Sierra Leone among World Countries with “poorest health indicators”: Catholic Charity

Flag of Sierra Leone. Credit: Public Domain

A Catholic Charity organization in Sierra Leone has said the West African nation has some of the “poorest health indicators” in the world, which have been caused by COVID-19 and other diseases that have claimed the lives of masses in the country.

In a Tuesday, July 20 report, Catholic Medical Mission Board (CMMB) says Sierra Leone is still experiencing effects of other diseases, including Ebola and malaria that were there before COVID-19, a situation officials of the charity say, has lowered life expectancy.  

“Sierra Leone has some of the poorest health indicators of any country in the world. The average life expectancy sits at 49 for men and 51 for women. Rates of malaria, typhoid, cholera, and child mortality have stayed discouragingly high,” officials of the Catholic entity say.

They note that Ebola, which dealt a blow to the country’s health system, adversely affected the country before COVID-19.

“In 2014, Ebola tore through the West African nations of Guinea, Liberia, and Sierra Leone. The disease, which is less contagious but far more deadly than COVID-19, shut down these countries for nearly two years until the outbreak was declared over,” CMMB officials say in their July 20 report.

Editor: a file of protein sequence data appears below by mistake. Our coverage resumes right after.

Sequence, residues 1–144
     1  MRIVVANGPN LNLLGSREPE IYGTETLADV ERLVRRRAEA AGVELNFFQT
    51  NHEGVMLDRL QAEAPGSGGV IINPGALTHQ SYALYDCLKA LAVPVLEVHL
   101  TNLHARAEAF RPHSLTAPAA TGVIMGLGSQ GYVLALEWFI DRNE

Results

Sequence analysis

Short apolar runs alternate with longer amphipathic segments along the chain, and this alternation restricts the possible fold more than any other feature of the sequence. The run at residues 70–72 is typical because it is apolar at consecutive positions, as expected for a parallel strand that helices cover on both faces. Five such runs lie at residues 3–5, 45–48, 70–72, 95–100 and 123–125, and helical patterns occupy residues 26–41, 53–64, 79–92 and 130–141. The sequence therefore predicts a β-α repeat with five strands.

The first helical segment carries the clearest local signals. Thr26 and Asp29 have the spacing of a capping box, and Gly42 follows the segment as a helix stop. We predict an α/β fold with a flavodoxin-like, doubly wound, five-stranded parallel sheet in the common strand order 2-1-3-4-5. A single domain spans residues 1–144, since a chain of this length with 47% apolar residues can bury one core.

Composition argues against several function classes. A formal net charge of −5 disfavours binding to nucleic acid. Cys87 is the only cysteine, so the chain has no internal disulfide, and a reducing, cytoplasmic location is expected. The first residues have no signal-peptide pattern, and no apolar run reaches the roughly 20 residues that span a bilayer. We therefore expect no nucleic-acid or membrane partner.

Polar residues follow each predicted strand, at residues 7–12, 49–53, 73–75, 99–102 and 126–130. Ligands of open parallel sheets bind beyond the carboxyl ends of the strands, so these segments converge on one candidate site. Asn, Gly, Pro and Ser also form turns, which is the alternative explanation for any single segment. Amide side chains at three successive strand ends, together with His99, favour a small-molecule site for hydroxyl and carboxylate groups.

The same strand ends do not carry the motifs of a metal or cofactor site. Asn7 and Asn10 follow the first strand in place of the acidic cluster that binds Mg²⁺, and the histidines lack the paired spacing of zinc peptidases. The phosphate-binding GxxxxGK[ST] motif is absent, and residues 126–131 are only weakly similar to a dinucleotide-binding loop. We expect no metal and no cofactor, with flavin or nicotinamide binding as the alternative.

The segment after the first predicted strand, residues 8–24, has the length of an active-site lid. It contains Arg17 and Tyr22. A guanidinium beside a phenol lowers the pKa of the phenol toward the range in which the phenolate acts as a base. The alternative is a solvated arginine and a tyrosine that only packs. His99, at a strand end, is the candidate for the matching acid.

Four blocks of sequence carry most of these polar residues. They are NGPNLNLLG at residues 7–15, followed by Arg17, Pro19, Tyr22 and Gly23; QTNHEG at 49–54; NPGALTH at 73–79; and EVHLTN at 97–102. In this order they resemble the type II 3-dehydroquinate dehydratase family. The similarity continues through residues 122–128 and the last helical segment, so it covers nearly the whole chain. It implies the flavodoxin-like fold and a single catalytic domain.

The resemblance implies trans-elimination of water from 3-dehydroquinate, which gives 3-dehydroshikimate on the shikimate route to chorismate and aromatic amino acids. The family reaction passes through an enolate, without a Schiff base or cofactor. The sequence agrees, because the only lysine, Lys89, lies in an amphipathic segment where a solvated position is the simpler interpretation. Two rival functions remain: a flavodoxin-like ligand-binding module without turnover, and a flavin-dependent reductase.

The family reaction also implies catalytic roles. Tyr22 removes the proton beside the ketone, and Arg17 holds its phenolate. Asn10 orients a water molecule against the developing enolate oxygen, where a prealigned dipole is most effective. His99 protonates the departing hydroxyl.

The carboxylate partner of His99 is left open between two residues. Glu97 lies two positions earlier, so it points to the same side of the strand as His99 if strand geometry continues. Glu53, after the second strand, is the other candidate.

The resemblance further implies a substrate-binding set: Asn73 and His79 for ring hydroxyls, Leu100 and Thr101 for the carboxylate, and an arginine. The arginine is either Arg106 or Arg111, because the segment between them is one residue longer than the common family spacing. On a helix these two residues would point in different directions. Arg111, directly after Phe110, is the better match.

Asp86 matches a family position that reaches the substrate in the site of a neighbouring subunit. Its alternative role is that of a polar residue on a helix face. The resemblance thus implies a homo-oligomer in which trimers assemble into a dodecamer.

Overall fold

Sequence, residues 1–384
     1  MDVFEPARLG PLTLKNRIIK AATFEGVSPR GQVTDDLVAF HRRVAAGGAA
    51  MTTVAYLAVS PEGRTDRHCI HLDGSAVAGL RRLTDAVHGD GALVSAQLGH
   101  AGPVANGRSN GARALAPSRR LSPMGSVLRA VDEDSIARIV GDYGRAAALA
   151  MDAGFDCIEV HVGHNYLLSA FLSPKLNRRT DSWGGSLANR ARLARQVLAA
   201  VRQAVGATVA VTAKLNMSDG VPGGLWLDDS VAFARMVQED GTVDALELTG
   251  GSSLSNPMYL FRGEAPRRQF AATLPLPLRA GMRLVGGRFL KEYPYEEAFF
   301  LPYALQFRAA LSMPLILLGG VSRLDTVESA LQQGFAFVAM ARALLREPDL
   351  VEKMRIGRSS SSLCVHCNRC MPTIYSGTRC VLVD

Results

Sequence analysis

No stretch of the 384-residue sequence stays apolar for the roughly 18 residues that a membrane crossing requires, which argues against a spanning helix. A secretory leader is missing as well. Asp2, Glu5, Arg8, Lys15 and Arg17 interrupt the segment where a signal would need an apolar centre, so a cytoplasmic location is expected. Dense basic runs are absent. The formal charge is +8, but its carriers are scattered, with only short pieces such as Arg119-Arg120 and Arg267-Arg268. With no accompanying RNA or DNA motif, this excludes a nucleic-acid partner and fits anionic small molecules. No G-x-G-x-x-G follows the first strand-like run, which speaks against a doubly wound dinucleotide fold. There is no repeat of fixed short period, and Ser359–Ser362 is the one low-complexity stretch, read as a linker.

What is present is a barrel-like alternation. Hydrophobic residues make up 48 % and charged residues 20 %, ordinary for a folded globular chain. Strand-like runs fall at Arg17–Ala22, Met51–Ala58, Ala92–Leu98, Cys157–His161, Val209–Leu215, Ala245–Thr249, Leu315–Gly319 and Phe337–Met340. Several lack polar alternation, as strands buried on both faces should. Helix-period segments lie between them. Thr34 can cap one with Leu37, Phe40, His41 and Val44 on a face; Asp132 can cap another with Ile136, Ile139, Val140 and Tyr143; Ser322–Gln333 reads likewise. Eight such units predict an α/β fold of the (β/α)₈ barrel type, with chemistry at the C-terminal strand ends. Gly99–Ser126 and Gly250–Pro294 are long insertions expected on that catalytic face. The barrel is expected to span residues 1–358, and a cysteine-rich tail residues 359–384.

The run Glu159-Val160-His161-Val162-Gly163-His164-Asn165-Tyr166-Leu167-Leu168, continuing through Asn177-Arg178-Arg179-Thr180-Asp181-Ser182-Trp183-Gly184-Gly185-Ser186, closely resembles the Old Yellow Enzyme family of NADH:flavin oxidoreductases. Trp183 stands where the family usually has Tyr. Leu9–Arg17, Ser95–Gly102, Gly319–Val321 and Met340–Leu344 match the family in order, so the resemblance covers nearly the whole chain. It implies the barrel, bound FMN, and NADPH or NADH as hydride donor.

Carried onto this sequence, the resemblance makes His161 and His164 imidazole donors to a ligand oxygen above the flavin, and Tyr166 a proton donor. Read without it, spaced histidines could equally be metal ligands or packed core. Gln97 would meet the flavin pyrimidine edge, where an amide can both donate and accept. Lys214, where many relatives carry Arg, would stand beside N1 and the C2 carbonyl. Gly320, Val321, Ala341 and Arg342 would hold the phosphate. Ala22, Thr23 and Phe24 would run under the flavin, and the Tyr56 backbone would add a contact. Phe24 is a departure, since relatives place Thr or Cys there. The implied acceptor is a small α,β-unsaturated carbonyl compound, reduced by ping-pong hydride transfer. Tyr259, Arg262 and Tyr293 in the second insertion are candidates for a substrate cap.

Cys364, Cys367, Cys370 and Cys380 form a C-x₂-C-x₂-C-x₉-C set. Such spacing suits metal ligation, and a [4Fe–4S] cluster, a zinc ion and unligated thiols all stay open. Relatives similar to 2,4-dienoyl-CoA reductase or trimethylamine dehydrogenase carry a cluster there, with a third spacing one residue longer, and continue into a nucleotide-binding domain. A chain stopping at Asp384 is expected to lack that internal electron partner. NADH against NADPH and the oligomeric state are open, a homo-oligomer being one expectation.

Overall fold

Some of the diseases affecting people in the Western African country are caused by people’s lifestyle, officials of the “international, faith-based NGO providing long-term, co-operative, medical and development aid to communities affected by poverty and unequal access to healthcare” further say.

“Factors, such as the importation of cheaper processed foods and the local production of palm oil, have driven the increase of new health conditions such as diabetes, which was once considered a disease only the wealthy could get,” they explain.

As the rest of the world recovers from the effects of COVID-19, Sierra Leone and other similar countries might be left behind due to a strained health system, CMMB officials further say, and add, “It is important to remember the far-reaching consequences of such an event. Additionally, there are still hundreds of millions around the world for whom good health or stable income had never been a guarantee,” the officials say.

Sierra Leon suffered economic instability when lockdowns were imposed to contain the spread of the coronavirus, they note, and add, “At the same time, the economic impact of the lockdowns resulted in aid agencies having their funding cut and stretched, impacting programming for the world’s poorest nations.”

In their July 20 report, CMMB officials highlight their partnership with like-minded charities in view of stabilizing the health system in the West African country as authorities make efforts to control the spread of COVID-19.

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“CMMB, along with partners like the ‘Bread and Water for Africa’ and the ‘Rural Youth Development Organization’ is working to make sure that patients have access to high quality medication and a chance to flourish,” CMMB officials say.